Grewia bicolor is a veritable multipurpose tree, yielding a range of useful products, and it therefore seems a good candidate for community forestry projects. However, more research is needed on appropriate propagation and management practices and possibilities for selection of improved genotypes. In view of the normally small size of the tree, its timber is unlikely to become important as sawn wood.
Major references
• Beentje, H.J., 1994. Kenya trees, shrubs and lianas. National Museums of Kenya, Nairobi, Kenya. 722 pp.
• Booth, F.E.M. & Wickens, G.E., 1988. Non-timber uses of selected arid zone trees and shrubs in Africa. FAO Conservation Guide No 19. FAO, Rome, Italy. 176 pp.
• Burkill, H.M., 2000. The useful plants of West Tropical Africa. 2nd Edition. Volume 5, Families S–Z, Addenda. Royal Botanic Gardens, Kew, Richmond, United Kingdom. 686 pp.
• Ruffo, C.K., Birnie, A. & Tengnäs, B., 2002. Edible wild plants of Tanzania. Technical Handbook No 27. Regional Land Management Unit/ SIDA, Nairobi, Kenya. 766 pp.
• Whitehouse, C., Cheek, M., Andrews, S. & Verdcourt, B., 2001. Tiliaceae & Muntingiaceae. In: Beentje, H.J. (Editor). Flora of Tropical East Africa. A.A. Balkema, Rotterdam, Netherlands. 120 pp.
Other references
• Adam, J.G., Echard, N. & Lescot, M., 1972. Plantes médicinales Hausa de l’Ader. Journal d’Agriculture Tropicale et de Botanique Appliquée 19(8–9): 259–399.
• Baumer, M., 1983. Notes on trees and shrubs in arid and semi-arid regions. Ecological management of arid and semi-arid rangelands in Africa and the Near and Middle East (EMASAR) - Phase 2. FAO, Rome, Italy. 270 pp.
• Bekele-Tesemma, A., Birnie, A. & Tengnäs, B., 1993. Useful trees and shrubs for Ethiopia: identification, propagation and management for agricultural and pastoral communities. Technical Handbook No 5. Regional Soil Conservation Unit/SIDA, Nairobi, Kenya. 474 pp.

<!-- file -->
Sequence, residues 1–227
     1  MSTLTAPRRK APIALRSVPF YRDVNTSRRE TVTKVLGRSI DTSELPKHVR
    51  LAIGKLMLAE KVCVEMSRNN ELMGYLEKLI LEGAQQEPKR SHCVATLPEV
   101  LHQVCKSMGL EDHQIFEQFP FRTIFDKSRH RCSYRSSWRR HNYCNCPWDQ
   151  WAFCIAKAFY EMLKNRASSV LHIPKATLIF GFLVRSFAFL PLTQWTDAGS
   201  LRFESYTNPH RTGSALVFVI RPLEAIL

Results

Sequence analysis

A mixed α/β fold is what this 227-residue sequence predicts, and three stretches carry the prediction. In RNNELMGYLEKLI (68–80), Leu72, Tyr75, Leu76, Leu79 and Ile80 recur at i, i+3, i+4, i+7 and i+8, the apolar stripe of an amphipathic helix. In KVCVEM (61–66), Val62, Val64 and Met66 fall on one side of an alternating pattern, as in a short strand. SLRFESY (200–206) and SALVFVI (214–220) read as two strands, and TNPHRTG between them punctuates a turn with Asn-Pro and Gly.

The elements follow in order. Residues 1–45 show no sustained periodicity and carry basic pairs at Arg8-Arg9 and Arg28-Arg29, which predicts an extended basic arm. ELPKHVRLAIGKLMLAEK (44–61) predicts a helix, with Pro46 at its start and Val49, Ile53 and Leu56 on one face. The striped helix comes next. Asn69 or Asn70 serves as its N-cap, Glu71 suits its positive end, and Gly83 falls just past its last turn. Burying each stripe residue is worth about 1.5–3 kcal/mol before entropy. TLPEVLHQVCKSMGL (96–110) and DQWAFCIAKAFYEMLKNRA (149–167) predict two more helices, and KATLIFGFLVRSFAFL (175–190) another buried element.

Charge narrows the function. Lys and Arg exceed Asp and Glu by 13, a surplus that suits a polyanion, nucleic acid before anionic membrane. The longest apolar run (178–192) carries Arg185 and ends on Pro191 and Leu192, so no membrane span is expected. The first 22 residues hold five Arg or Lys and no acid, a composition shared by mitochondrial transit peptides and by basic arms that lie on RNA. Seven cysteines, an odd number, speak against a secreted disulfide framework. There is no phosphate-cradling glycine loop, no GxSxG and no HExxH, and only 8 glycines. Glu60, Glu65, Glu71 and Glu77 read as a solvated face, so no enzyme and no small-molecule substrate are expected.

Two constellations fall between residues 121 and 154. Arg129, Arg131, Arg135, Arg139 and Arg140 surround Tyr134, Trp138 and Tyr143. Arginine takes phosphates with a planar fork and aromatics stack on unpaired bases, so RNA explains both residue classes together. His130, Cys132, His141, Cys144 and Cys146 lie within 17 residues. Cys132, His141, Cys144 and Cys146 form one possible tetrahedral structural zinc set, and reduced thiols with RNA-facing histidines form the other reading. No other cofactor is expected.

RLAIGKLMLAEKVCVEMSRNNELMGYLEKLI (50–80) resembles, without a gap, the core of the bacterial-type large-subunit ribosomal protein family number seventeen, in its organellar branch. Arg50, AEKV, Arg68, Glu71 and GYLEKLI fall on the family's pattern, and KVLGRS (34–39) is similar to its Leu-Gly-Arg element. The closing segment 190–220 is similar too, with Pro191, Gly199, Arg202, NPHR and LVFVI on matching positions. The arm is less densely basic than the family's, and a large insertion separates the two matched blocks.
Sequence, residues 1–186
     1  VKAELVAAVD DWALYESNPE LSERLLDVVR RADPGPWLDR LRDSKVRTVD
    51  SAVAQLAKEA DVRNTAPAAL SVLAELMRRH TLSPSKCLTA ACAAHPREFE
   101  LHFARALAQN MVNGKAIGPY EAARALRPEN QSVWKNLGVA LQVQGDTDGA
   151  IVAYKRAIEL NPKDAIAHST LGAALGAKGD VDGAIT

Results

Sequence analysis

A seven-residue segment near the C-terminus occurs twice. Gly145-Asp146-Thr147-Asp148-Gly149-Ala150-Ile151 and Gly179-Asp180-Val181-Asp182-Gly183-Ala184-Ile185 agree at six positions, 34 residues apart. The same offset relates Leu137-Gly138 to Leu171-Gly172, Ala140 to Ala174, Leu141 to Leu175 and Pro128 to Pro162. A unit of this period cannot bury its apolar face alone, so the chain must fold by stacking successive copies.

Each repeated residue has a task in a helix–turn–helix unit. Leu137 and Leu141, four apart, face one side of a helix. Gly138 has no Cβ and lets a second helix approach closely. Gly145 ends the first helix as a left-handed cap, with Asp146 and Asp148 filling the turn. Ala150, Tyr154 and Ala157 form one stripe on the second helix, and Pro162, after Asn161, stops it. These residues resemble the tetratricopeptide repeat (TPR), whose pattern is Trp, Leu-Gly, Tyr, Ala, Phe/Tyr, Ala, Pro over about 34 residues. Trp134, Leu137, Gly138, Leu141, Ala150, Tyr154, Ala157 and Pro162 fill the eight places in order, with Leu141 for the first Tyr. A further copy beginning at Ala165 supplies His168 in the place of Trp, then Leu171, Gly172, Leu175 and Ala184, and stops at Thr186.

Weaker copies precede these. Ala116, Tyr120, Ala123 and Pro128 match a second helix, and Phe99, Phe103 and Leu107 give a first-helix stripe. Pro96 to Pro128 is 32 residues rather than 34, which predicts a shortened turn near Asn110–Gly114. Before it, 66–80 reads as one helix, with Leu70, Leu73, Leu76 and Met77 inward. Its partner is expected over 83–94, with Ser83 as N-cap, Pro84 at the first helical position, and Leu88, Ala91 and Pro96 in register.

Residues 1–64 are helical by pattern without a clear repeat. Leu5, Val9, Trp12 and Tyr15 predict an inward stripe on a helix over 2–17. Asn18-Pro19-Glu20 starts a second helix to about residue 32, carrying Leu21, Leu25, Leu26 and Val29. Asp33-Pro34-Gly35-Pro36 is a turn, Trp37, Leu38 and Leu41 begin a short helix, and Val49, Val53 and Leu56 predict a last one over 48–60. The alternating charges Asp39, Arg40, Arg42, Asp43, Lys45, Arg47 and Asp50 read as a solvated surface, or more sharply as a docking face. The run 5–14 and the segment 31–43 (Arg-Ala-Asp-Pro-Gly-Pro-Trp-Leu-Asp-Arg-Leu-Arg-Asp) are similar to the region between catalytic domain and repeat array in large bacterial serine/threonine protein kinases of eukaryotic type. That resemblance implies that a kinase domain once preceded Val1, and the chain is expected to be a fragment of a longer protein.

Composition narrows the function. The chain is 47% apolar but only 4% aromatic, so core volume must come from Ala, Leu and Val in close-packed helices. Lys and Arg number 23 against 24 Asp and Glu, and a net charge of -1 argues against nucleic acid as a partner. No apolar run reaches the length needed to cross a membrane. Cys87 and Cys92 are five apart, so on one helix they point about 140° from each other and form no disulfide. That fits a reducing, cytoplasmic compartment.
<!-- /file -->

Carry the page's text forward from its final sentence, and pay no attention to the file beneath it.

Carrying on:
• Couteron, P. & Kokou, K., 1997. Woody vegetation spatial patterns in a semi-arid savanna of Burkina Faso, West Africa. Plant Ecology 132(2): 211–227.
• Desta, B., 1995. Ethiopian traditional herbal drugs. Part 1: Studies on the toxicity and therapeutic activity of local taenicidal medications. Journal of Ethnopharmacology 45(1): 27–33.
• Ganaba, S., Ouadba, J.-M. & Bognounou, O., 2004. Plantes de construction d’habitations en région sahélienne. Bois et Forêts des Tropiques 282(4): 11–17.
• Jaspers, M.W.J.M., Bashir A.K., Zwaving, J.H. & Malingré, Th.M., 1986. Investigation of Grewia bicolor Juss. Journal of Ethnopharmacology 17(3): 205–211.
• Maundu, P. & Tengnäs, B. (Editors), 2005. Useful trees and shrubs for Kenya. World Agroforestry Centre - East and Central Africa Regional Programme (ICRAF-ECA), Technical Handbook 35, Nairobi, Kenya. 484 pp.
• Neuwinger, H.D., 2000. African traditional medicine: a dictionary of plant use and applications. Medpharm Scientific, Stuttgart, Germany. 589 pp.
• van Wyk, B. & van Wyk, P., 1997. Field guide to trees of southern Africa. Struik Publishers, Cape Town, South Africa. 536 pp.
Author(s)
M. Brink
PROTA Network Office Europe, Wageningen University, P.O. Box 341, 6700 AH Wageningen, Netherlands


Editors
D. Louppe
CIRAD, Département Environnements et Sociétés, Cirad es-dir, Campus international de Baillarguet, TA C-DIR / B (Bât. C, Bur. 113), 34398 Montpellier Cedex 5, France
A.A. Oteng-Amoako
Forestry Research Institute of Ghana (FORIG), University P.O. Box 63, KNUST, Kumasi, Ghana
M. Brink
PROTA Network Office Europe, Wageningen University, P.O. Box 341, 6700 AH Wageningen, Netherlands
General editors
R.H.M.J. Lemmens
PROTA Network Office Europe, Wageningen University, P.O. Box 341, 6700 AH Wageningen, Netherlands
L.P.A. Oyen
PROTA Network Office Europe, Wageningen University, P.O. Box 341, 6700 AH Wageningen, Netherlands
J.R. Cobbinah
Forestry Research Institute of Ghana (FORIG), University P.O. Box 63, KNUST, Kumasi, Ghana
Photo editor
G.H. Schmelzer
PROTA Network Office Europe, Wageningen University, P.O. Box 341, 6700 AH Wageningen, Netherlands

Correct citation of this article:
Brink, M., 2007. Grewia bicolor Juss. In: Louppe, D., Oteng-Amoako, A.A. & Brink, M. (Editors). Prota 7(1): Timbers/Bois d’œuvre 1. [CD-Rom]. PROTA, Wageningen, Netherlands.
tree habit


bark and slash


flowering branch


inflorescence


flower
obtained from
Zimbabweflora


fruiting branch
obtained from
Zimbabweflora


fruititng branch


seeds